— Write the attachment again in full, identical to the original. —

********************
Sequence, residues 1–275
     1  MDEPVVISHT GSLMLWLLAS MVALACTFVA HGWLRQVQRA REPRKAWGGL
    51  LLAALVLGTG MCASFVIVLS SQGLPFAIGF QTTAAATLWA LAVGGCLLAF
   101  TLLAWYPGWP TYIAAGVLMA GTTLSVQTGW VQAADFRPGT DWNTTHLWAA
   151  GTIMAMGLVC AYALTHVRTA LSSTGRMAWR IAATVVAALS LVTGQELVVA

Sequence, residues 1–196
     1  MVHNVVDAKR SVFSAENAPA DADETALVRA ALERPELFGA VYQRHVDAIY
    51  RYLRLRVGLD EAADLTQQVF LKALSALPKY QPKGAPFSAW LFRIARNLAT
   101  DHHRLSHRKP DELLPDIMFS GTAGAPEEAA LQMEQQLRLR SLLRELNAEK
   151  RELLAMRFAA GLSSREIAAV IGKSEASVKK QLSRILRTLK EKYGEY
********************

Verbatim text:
Sequence, residues 1–275
     1  MDEPVVISHT GSLMLWLLAS MVALACTFVA HGWLRQVQRA REPRKAWGGL
    51  LLAALVLGTG MCASFVIVLS SQGLPFAIGF QTTAAATLWA LAVGGCLLAF
   101  TLLAWYPGWP TYIAAGVLMA GTTLSVQTGW VQAADFRPGT DWNTTHLWAA
   151  GTIMAMGLVC AYALTHVRTA LSSTGRMAWR IAATVVAALS LVTGQELVVA

Sequence, residues 1–196
     1  MVHNVVDAKR SVFSAENAPA DADETALVRA ALERPELFGA VYQRHVDAIY
    51  RYLRLRVGLD EAADLTQQVF LKALSALPKY QPKGAPFSAW LFRIARNLAT
   101  DHHRLSHRKP DELLPDIMFS GTAGAPEEAA LQMEQQLRLR SLLRELNAEK
   151  RELLAMRFAA GLSSREIAAV IGKSEASVKK QLSRILRTLK EKYGEY